Stethoscope on base pairs graphWe can all visualise what genomic healthcare could look like in the future. Getting there is the big mystery. One organisation is facing that challenge head on. Heide Aungst, MA is Senior Specialist – Outreach & Communications for the Center for Pediatric Genomics at Cincinnati Children’s. Follow CpG on Twitter @CincyKidsGenomX. You can learn more about the results of CpG’s survey at the Festival of Genomics in San Diego.

“The time lag between genomic knowledge development and clinical application is shrinking. Need organizational culture change. #GenomicsFest”

I tweeted those words of Arizona State professor Nazneen Aziz from the Festival of Genomics in Boston.

Her words immediately resonated with me, likely because I knew that – along with my colleagues at the Center for Pediatric Genomics (CpG) at Cincinnati Children’s – we would soon be working on an initiative assessing our own organisational culture around genomics.

But at the Festival, Aziz clearly was preaching to the choir…

Not everyone who could have benefitted from her message was there that June day to hear her passionate words. Missing were those clinicians and organisational leaders who faithfully believe in their mission to keep patients healthy – but are still asking, “What does genomics have to do with it?”

In truth, that question can reverberate throughout even the most progressive and supported organisations – making it all the more difficult to implement true organisational change integrating genomics into both care and culture.

One way to achieve organisational change, of course, is to be topdown prescriptive and programmatic about genomics education and events. And, to be honest, we considered implementing a build-itand-they-will-come approach.

But with CpG’s mission to accelerate discovery and advance knowledge, we wanted to inspire true buy-in across and throughout all levels of our organisation. That’s why we created an initiative that we call “Grassroots Genomics” – with the goal to learn what education and resources is needed where, so that, ultimately, we can build a positive culture that integrates and supports genomics.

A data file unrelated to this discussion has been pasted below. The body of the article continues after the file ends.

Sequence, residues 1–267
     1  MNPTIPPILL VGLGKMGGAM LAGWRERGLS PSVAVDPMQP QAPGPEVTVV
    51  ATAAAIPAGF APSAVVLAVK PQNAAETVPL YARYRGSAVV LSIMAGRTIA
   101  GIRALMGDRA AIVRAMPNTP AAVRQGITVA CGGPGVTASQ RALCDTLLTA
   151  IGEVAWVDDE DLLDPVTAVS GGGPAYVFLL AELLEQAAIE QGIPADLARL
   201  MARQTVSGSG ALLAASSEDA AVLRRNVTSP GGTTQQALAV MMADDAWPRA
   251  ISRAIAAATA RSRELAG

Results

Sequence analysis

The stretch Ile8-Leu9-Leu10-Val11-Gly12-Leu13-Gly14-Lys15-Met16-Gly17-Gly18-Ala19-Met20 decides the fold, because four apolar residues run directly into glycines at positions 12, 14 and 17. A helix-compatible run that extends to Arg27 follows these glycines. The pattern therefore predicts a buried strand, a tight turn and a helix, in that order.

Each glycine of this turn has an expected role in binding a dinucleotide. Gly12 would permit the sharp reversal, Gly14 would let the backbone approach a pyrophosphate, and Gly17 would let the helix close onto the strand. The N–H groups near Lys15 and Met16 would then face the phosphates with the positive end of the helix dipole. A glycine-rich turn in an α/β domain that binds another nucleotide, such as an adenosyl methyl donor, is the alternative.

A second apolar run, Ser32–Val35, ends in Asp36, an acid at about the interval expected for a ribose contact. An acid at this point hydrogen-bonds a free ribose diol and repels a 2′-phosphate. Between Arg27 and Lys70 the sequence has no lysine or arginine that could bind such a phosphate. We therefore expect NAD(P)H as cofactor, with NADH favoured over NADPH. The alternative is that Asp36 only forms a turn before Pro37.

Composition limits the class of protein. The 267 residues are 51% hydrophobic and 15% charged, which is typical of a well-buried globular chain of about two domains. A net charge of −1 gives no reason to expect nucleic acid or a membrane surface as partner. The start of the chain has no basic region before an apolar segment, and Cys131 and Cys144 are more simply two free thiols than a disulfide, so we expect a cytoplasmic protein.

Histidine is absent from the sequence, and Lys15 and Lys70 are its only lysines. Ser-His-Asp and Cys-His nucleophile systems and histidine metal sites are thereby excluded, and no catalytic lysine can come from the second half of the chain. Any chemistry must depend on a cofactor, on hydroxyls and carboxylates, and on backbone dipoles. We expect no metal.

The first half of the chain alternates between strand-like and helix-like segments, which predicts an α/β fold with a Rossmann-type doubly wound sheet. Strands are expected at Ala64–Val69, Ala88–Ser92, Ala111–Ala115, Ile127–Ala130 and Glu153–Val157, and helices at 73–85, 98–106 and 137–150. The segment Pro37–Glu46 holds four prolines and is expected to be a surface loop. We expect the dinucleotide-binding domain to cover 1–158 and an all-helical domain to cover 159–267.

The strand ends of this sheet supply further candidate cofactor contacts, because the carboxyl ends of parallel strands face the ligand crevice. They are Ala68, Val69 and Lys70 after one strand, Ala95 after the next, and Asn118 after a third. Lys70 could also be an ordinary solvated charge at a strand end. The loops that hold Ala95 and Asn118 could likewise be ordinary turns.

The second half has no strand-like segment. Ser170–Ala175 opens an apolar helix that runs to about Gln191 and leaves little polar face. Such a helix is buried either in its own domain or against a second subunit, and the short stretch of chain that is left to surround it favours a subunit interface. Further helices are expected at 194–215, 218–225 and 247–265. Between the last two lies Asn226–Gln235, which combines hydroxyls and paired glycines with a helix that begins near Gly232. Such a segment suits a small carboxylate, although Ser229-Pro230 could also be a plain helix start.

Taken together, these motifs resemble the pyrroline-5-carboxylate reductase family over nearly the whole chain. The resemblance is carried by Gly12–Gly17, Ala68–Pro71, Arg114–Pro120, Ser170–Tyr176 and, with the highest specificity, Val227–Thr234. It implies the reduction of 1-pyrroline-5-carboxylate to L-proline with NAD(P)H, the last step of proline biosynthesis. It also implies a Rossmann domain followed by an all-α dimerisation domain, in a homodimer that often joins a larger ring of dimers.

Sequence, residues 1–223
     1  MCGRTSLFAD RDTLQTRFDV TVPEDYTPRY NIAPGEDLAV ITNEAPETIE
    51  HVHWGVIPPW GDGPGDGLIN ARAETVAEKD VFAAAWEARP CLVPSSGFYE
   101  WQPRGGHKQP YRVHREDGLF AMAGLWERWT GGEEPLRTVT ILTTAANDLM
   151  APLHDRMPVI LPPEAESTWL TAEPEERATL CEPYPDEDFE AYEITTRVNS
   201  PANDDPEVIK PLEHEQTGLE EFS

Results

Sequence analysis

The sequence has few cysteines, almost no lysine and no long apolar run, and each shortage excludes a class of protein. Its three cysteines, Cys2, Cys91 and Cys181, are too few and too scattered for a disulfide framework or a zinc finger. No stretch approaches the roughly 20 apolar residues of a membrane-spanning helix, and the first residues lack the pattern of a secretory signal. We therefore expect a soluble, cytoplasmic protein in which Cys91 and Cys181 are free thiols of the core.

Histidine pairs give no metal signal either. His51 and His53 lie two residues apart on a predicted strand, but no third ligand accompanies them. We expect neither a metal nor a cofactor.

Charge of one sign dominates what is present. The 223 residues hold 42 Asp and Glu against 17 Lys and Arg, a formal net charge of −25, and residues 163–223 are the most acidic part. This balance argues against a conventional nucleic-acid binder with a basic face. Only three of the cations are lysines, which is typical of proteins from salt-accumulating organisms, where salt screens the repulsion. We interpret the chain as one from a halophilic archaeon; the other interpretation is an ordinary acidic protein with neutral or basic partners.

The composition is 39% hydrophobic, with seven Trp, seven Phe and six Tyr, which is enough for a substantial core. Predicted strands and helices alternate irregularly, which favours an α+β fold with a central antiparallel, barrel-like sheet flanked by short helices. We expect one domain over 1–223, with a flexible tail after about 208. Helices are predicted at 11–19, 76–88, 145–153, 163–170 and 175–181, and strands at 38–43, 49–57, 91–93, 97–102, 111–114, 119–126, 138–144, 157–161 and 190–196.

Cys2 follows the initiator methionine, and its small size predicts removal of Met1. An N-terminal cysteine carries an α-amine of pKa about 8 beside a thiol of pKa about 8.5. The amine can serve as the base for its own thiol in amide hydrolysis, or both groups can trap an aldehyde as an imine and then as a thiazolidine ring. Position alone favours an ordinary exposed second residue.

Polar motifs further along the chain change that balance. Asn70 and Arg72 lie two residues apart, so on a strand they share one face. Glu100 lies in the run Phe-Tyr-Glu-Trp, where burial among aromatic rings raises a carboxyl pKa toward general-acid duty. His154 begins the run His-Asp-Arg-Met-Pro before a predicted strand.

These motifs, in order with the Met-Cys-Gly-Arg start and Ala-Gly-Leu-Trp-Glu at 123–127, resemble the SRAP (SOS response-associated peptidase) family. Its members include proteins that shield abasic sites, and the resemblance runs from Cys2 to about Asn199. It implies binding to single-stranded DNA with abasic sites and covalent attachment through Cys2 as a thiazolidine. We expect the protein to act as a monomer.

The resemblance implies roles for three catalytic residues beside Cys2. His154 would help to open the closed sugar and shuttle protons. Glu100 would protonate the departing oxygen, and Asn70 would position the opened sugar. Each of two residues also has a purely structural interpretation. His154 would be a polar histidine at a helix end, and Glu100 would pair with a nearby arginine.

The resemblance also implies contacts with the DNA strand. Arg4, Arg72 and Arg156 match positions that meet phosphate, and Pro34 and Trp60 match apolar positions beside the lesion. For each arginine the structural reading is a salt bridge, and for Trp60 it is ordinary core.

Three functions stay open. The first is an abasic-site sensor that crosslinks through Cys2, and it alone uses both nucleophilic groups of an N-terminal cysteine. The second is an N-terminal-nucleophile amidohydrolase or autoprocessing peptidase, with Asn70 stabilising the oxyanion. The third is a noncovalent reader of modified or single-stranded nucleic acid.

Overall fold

In other words, Aziz’s words were really a confirmation of the culture change we had just started.

In many ways, we were ahead of the game because of strong leadership and institutional support. CpG started in 2014 with the appointment of leadership champions, a steering committee, co-directors Peter White, PhD, director of the division of Biomedical Informatics, and John Harley, MD, PhD, director of the Center for Autoimmune Genomics and Etiology, and point person for institutional genomics initiatives, Kristen Sund, PhD, MS, LGC, who developed the Grassroots Genomics initiative.

We launched Grassroots Genomics in July, shortly after the Festival. We started by taking the program directly to our own grassroots: our clinicians and clinical researchers from primary care and numerous specialties ranging from pathology to sports medicine to endocrinology.

At the heart of it is a quick 10-minute presentation and 30-question survey that assesses if clinicians are currently using genomics in any way; what and how they might want to learn about genomics; and if their patients ask about genomics or genetics.

We will use the cumulative results to create institution-wide educational programming and will return division results to the directors, so we can work directly with them to meet their faculty’s needs for integrating genomics into research and clinical care.